HR CONSULTING FOR improving recruiting processes

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Every HR department needs an intern! I’m convinced. After having my first experience with an HR intern for our department, I’m sold. We legit needed help with our workload, but from the beginning my little HR heart hoped we would be able to give back to the advancement of the profession while getting some real work done. The thing is, our company has a ballin’ intern program that allows engineering students (with 3.5 GPA and up) an opportunity to work on some meaningful technical tasks for our customers. The work they get to do gives them a glimpse of what their field looks like and if they really want to do what they thought they wanted to do. Being an engineering firm we really stumped ourselves when adding an essential business systems intern to the mix. Do we even include this intern in our intern program? For example, at the end of every summer our interns do a technical presentation, open to the entire company to attend, on what their project was. Engineers talking engineering appeals to other engineers, but would HR appeal to our engineers? Would anyone care? What can we teach this HR intern about real HR without spending too much time training? How can we help this intern be sure that HR is the right path.

Amazingly enough I feel like we tackled all of our tough questions this summer and though we were not able to give our intern a lot of HR related work, we made sure we explained things to her that we talked about so she could have an idea of what was going on. I say that, but maybe it isn’t that it’s not HR related work as much as us experienced pros forget that it’s HR related, you know in the grand scheme of things. Anyway, we included her in staff meetings, took her to our local SHRM chapter meetings (NASHRM), encouraged her to do a project to present on and 100% included her in the intern program. She told me she learned a lot this summer and even through filing and scheduling interviews she was exposed to some HR tasks that she hadn’t known existed. When we had a session on benefits at a NASHRM luncheon I encouraged her afterwards to sit down with one of our benefits specialist to understand what all of the benefits talk meant. During interview set up she was faced with a lot of questions about the position that sometimes made her feel like a recruiter rather than a scheduler. She did a lot of research on her recruiting related project and we tested out some of her social media ideas at a NASHRM event. I think we did a great job exposing her to the world of HR and giving her a lot of scenarios that she can use in the classroom this fall when she returns to the classroom for her junior year.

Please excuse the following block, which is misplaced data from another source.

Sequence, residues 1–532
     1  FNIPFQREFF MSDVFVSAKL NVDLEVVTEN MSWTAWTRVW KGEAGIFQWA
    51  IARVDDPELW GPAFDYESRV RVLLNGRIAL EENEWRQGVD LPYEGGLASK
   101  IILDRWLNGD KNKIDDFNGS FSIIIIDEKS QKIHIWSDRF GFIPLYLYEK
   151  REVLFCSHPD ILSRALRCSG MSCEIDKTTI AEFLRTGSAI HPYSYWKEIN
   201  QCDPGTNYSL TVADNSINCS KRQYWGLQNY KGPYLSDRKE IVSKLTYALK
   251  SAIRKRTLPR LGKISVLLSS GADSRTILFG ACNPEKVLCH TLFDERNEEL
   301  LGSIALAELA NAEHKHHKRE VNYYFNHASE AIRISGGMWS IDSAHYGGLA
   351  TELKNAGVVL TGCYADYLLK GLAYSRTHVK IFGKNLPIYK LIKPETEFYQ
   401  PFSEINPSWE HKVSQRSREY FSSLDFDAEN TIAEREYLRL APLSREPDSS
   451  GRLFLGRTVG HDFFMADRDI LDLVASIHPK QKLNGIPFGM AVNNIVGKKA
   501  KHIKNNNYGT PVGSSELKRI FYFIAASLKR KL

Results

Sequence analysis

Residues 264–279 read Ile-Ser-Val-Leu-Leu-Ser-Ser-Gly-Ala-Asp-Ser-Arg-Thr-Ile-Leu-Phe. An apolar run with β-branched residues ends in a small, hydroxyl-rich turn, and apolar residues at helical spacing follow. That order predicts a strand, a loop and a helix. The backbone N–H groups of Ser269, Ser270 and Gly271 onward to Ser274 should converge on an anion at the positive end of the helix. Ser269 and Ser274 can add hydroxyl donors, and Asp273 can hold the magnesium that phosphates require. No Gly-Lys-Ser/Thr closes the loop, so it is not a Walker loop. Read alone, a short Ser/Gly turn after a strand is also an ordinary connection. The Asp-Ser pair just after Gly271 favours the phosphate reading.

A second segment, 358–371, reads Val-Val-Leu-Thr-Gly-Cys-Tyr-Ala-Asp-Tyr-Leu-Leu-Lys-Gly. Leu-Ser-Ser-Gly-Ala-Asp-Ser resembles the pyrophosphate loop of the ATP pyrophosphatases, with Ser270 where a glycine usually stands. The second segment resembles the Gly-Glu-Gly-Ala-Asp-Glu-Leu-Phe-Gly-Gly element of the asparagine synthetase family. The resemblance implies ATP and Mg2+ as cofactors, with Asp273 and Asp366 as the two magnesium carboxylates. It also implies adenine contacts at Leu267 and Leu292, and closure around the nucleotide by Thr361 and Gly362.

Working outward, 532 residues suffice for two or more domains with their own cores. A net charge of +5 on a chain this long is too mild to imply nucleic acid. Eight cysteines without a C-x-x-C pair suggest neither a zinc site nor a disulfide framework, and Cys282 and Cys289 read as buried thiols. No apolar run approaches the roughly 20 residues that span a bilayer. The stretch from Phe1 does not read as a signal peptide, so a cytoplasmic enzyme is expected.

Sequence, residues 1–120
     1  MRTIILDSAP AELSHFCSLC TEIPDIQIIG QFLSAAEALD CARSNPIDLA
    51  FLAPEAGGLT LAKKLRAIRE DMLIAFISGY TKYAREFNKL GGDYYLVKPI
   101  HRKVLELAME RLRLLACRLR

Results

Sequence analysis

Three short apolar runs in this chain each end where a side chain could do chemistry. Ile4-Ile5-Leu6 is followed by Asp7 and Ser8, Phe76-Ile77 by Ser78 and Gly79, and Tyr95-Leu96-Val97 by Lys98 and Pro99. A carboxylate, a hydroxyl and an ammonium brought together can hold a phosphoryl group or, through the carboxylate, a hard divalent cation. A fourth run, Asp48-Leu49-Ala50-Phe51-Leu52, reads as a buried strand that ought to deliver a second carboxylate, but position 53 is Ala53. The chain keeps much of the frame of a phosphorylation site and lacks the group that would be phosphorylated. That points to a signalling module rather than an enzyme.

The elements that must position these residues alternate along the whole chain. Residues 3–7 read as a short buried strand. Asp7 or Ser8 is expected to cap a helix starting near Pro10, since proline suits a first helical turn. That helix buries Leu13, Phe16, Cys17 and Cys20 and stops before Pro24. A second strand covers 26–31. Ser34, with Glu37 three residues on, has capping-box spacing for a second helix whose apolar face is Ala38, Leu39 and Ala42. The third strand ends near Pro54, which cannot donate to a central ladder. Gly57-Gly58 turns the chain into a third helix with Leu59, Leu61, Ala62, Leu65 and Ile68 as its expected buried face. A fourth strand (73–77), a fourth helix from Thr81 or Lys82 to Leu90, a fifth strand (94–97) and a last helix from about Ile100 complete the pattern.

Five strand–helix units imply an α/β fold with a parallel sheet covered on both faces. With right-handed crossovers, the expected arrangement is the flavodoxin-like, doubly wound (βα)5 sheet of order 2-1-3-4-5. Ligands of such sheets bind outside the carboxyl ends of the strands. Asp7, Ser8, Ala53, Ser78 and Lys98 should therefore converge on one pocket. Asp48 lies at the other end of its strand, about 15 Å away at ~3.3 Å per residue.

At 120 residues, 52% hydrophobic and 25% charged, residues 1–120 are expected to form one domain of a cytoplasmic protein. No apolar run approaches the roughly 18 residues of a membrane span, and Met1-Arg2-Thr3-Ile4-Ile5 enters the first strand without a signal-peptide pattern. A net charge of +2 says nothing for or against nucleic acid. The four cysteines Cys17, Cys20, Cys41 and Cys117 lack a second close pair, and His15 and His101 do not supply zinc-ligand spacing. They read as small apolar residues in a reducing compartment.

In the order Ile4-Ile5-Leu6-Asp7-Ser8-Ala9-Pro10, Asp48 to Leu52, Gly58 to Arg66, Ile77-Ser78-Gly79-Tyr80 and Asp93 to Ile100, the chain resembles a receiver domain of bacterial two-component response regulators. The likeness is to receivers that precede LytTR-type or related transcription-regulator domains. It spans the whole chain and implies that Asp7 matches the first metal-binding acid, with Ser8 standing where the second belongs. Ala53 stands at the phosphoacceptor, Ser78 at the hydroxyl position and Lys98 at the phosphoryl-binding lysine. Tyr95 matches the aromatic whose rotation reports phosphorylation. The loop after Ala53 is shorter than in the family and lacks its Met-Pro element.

Not only did she do a GREAT job, she gave us all GREAT gifts at the end of the summer! Woo-hoo!
Not only did she do a GREAT job, she gave us all GREAT gifts at the end of the summer! Woo-hoo!

I know it is not always possible to bring in an intern, but I think it’s the best way for us to grow our profession. The future or HR needs guidance and mentoring, so let’s do something about it! Even if you cannot bring in an intern, maybe you can set up a few job shadowing days, those are unpaid ya dig? Making yourself available to HR students to answer their questions or be an example is a great way to make sure that the progress of HR thus far, doesn’t get undone. What are your thoughts? Have you had an HR intern in the past? What was your experience? Any tips on setting up job shadow days for HR students? Leave them in the comments below.

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